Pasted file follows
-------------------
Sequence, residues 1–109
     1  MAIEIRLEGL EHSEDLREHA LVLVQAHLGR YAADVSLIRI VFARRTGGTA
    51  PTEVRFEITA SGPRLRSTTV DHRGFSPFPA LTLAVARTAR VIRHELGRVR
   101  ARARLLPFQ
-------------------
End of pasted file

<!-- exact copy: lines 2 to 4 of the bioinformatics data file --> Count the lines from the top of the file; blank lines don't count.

     1  MAIEIRLEGL EHSEDLREHA LVLVQAHLGR YAADVSLIRI VFARRTGGTA
    51  PTEVRFEITA SGPRLRSTTV DHRGFSPFPA LTLAVARTAR VIRHELGRVR
   101  ARARLLPFQ